ACC Commissioner’s statement on International Anti-Corruption Day





Fellow compatriots, today December 9 is the day set aside by the United Nations as the International Anti-Corruption Day.  Countries all over the world observe this day by raising people’s awareness on the damaging effects of corruption and what is required for combating and preventing it.


As we observe this day in Sierra Leone under the dark cloud of the Ebola epidemic which has negatively impacted every sector of life in the country, the Commission sympathizes with our compatriots who have lost their loved ones to this affliction. The ACC fully appreciates the selfless services of health workers who face life threatening challenges daily to defeat the pandemic. We as a Commission, will continue to pray for deliverance from this disease.


Proactive measures have taken by the Commission to ensure transparency and accountability in the use and management of public/donor resources meant to contain the virus. the A press statement cautioning on judicious expenditure was issued followed by a senior management team visit to regional Ebola operational centres. The Commission is also keenly monitoring the disbursement and expenditure of Ebola funds.


The Anti-Corruption Commission as the statutory organ that provides leadership in fighting corruption continues to discharge its mandate assiduously.


The National Anti-Corruption Strategy for 2014- 2018 was formally launched in June 2014. This strategy provides a comprehensive framework to curbing corruption in Ministries departments and agencies with the establishment of Integrity Management Committees in all MDAs.   To strengthen this initiative, the ACC has undertaken the mainstreaming of anti corruption measures in the civil service.


In July this year the Commission launched the 2013 National Corruption Perception Survey report which indicated that 76% of Sierra Leoneans have confidence in the effectiveness of the ACC.  This finding is also reflected in the 100% willingness of sierra Leoneans to join the fight against corruption. Manifestation of these is evidenced in the 100% conviction rate in corruption cases prosecuted in the high court of Sierra Leone.


For the first time the ACC secured convictions on the offences of “possession of unexplained wealth” and “failure to declare assets”. The Commission in 2014 also paid into the consolidated fund an amount of about five hundred million leones as recoveries from individuals and organizations.


International recognition of these successes resulted in Sierra Leone attaining the first place benchmark by the Commonwealth heads of anti corruption agencies in Africa as a country for transfer and peer learning.


The Transparency International corruption perception index of 2014 shows Sierra Leone has made steady progress in the fight against corruption. Out of 174 countries surveyed in 2014, Sierra Leone is ranked 119, with a score of 31, which rates the Country ahead of Gambia, Togo, Cameroon, Nigeria, Kenya, and even Russia. The country has moved 39 spaces upwards in the TI rankings within the last five years, from 158 in 2008 to 119 in 2014.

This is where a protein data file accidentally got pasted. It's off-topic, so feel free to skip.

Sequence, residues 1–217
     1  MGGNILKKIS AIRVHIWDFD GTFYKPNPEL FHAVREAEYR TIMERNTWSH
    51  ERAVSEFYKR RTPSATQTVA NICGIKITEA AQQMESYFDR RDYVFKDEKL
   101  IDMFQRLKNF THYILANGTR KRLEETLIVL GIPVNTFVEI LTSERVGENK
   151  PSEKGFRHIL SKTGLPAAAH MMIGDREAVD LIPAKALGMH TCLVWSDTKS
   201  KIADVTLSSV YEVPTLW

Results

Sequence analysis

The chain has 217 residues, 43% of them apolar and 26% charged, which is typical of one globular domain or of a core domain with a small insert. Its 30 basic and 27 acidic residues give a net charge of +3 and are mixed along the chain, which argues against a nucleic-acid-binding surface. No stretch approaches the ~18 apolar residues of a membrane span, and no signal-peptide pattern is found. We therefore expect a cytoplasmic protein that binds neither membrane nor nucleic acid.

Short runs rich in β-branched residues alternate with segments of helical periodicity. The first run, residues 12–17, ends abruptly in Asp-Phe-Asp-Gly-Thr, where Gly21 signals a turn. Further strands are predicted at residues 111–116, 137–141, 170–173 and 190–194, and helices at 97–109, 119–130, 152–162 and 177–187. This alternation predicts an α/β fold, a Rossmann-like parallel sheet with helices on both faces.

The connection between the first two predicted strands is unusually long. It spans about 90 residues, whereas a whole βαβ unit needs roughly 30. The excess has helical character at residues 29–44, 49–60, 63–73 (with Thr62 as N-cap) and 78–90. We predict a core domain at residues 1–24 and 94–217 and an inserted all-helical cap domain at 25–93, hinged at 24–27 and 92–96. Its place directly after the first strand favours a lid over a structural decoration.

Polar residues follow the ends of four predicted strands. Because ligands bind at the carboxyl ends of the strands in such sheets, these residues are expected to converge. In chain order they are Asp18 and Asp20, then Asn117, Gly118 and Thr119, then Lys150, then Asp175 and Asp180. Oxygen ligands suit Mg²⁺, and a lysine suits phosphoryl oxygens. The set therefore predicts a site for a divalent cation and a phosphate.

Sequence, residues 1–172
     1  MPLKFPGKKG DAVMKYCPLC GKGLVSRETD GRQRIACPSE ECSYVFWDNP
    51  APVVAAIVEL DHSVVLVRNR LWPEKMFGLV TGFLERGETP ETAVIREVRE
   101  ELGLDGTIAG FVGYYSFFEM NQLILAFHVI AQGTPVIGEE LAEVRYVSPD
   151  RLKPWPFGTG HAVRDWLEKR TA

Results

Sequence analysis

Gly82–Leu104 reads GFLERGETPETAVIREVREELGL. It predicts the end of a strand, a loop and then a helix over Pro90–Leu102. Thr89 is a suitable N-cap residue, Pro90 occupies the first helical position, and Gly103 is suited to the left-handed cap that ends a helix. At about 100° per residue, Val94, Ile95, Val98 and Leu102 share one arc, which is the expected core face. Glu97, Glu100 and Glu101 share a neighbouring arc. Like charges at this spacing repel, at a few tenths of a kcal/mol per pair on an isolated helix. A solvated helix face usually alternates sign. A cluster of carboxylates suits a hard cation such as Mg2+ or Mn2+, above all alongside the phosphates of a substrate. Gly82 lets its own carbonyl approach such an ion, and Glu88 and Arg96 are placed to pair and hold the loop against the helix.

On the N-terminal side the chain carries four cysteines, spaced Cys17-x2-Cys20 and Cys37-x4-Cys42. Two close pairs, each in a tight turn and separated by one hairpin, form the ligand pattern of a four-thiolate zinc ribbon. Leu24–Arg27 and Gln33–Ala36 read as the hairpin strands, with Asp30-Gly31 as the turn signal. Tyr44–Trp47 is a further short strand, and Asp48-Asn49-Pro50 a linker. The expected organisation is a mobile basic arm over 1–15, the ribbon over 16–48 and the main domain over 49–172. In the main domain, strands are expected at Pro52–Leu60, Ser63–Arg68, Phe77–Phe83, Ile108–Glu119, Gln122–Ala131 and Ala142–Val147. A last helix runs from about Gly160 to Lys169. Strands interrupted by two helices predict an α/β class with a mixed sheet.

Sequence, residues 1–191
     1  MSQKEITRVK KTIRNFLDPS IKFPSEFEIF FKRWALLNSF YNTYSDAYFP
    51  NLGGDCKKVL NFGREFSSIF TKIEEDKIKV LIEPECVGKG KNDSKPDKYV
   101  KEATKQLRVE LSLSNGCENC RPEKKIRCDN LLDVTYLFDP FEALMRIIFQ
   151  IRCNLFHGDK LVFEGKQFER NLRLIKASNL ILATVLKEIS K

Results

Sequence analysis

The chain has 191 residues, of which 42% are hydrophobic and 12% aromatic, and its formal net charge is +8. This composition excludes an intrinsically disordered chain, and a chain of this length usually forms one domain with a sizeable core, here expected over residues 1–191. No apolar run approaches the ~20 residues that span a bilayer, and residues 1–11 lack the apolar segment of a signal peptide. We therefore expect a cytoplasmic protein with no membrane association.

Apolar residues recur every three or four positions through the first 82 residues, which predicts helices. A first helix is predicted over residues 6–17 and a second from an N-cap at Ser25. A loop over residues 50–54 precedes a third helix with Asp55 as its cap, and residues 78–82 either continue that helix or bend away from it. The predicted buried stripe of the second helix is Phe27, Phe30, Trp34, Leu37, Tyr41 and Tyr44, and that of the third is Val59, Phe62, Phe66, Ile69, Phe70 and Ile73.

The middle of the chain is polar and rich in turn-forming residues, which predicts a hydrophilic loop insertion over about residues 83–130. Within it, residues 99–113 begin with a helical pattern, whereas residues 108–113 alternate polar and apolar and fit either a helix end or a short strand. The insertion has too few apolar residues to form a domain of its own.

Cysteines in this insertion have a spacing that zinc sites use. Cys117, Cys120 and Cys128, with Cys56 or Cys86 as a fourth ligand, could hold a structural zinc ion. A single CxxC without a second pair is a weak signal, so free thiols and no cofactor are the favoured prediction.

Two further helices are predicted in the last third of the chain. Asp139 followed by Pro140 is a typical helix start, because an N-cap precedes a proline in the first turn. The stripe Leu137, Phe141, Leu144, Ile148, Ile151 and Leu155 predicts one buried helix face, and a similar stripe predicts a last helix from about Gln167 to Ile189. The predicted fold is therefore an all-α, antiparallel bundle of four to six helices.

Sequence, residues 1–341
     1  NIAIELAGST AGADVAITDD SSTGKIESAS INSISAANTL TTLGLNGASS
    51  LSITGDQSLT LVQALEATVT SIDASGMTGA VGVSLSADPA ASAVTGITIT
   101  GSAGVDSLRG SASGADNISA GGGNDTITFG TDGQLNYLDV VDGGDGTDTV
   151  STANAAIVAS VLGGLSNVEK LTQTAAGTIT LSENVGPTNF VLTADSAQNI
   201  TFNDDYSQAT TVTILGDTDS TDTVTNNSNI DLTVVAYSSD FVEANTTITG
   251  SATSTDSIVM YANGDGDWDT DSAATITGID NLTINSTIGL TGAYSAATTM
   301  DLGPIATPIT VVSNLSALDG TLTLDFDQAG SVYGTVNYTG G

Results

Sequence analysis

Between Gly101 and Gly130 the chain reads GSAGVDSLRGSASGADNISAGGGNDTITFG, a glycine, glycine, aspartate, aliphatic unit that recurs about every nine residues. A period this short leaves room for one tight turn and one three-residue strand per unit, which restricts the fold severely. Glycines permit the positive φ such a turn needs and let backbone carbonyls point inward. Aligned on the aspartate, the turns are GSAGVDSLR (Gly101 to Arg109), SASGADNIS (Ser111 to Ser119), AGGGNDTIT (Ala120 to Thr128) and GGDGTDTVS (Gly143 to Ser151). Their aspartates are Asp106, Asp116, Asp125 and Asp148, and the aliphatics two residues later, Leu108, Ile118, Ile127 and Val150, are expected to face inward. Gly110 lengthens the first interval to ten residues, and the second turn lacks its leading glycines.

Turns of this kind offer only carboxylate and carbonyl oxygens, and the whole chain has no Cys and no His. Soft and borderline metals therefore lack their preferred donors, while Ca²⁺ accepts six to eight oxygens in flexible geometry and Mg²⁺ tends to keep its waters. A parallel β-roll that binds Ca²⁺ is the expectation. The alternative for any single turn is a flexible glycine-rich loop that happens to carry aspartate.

It is worthy to note that winning the fight against corruption requires our united and determined efforts. National integrity institutions such as the judiciary, the Sierra Leone correctional services, the Sierra Leone police, the auditor general, office of the ombudsman, the national public procurement authority, must take on anti corruption as a major activity in their annual program plans.


Civil society organizations and the media will need to become more involved in the fight against corruption by expanding the scope of anti corruption partnerships which are critical for good governance.


To make reporting of corruption easier and faster, the Commission has developed a new internet application which can be accessed on Google play in the Sierra Leone app using a smart phone.


In the face of these successes there are great challenges for us as a nation. The inability of Sierra Leone to meet the qualification for the threshold and compact package of the Millennium Challenge Corporation (MCC) was due to the inadequate control of corruption. The delay in the implementation of the right of access to information needs immediate action.

Given the dire consequences of allowing corruption to thrive in our country, as we observe the international  anti corruption day let us remain steadfast and resist with all enthusiasm any acts of corruption in all spheres of life for the progress of our beloved country.


I wish for us all a merry Christmas and a prosperous new year.


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